Abbey, Edward. (1968). Desert Solitaire. McGraw-Hill Group.
Duryee, Kent. (1996). Edward Abbey: A Man Hard to Talk About. Desert USA. Online at http://www.desertusa.com/mag00/nov/papr/abbey.html
Temple, Eric. (1982). An Interview With Edward Abbey. Phoenix, AZ: KAET-TV
This made the religion even more appealing. For example, because Christianity was born from Jewish traditions, it could be accepted by Jews; because of it's mystical attributes, Greek and other Orientals found it attractive. As a philosophy, Christianity was appealing because it offered solutions to many of the problems that ailed the world. In addition, its monotheism gave not only God but also man a place in the universe. Its promise of an afterlife provided mysticism and answers to many of the fears and worries that plague mankind. People had a reason to believe in a good God. John Crossan asserts, "God will act to restore justice in an unjust world" (Crossan 283). Indeed, the mystical aspect of this religion was very appealing because it was good. Even faith - faith in God, Jesus, and one's fellow man - becomes a significant factor in Christianity.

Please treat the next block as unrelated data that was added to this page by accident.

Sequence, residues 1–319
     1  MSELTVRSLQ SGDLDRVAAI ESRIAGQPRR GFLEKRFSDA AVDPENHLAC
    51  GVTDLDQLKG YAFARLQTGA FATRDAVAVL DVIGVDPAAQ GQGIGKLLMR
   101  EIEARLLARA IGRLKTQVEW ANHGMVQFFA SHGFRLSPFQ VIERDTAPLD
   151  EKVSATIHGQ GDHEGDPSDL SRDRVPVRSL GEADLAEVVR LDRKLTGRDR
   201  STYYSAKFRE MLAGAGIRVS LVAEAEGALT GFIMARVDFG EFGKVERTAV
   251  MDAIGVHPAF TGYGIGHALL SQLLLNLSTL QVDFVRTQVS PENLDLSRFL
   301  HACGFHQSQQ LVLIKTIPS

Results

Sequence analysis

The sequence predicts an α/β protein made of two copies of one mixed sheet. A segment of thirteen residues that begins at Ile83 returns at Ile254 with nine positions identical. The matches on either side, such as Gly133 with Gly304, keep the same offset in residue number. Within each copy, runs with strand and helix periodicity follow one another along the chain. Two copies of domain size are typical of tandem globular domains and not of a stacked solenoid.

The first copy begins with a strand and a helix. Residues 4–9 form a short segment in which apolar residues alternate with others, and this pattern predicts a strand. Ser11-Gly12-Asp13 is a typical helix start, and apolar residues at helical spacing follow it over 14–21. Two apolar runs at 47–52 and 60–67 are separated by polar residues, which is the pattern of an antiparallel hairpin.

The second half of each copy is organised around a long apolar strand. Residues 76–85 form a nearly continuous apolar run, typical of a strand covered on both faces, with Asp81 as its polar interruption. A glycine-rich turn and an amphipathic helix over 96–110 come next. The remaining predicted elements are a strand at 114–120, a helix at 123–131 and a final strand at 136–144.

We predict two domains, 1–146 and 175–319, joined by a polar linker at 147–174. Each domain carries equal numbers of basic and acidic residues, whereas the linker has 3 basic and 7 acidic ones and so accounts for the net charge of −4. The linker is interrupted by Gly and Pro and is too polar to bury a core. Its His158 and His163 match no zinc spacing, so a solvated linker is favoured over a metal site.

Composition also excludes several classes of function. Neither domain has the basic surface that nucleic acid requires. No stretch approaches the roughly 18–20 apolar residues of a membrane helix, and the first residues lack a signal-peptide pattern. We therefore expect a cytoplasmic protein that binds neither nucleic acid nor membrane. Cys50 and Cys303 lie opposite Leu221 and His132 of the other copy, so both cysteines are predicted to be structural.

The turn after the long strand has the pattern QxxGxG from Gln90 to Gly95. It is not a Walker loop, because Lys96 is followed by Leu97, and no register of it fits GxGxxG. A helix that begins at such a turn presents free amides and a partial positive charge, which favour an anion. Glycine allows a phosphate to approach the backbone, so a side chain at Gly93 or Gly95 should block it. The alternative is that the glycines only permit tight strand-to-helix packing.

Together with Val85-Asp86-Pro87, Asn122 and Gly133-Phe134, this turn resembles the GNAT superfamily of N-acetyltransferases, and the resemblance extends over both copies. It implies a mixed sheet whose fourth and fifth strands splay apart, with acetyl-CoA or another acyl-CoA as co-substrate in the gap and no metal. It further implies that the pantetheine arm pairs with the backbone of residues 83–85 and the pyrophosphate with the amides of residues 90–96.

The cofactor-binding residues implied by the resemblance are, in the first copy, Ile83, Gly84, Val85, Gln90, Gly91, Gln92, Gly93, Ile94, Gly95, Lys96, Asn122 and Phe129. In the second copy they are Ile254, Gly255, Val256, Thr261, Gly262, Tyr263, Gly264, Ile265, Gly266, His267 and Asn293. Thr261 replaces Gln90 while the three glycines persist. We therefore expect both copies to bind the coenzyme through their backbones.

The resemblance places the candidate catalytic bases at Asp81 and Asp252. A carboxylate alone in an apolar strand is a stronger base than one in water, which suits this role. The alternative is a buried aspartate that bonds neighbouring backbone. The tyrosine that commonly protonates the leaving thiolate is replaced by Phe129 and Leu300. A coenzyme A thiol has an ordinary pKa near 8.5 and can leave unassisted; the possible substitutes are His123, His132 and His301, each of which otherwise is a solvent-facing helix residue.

Christianity was a movement that…
Crossan, John. The Birth of Christianity. San Francisco: Harper Collins Publishers. 1998.
Goodman, Martin. A World History of Christianity. Grand Rapids: William B. Eerdmans Publishing Co. 1999.
Hastings, Adrian. A World History of Christianity. Grand Rapids: William B. Eerdmans Publishing Co. 1999.
Stegemann, Ekkehard. The Jesus Movement. Minneapolis: Fortress Press. 1989.
), and the five gross elements which are said to proceed from the five subtle elements (ether or space from sound, air from touch, fire from sight, water from taste, earth from smell). (68) Nature is further divided into three essential gunas, sattva, rajas, and tamas or 'the quality of being, energy, and darkness'. These elements enumerated by the Samkhya will be considered fundamental in the later literature.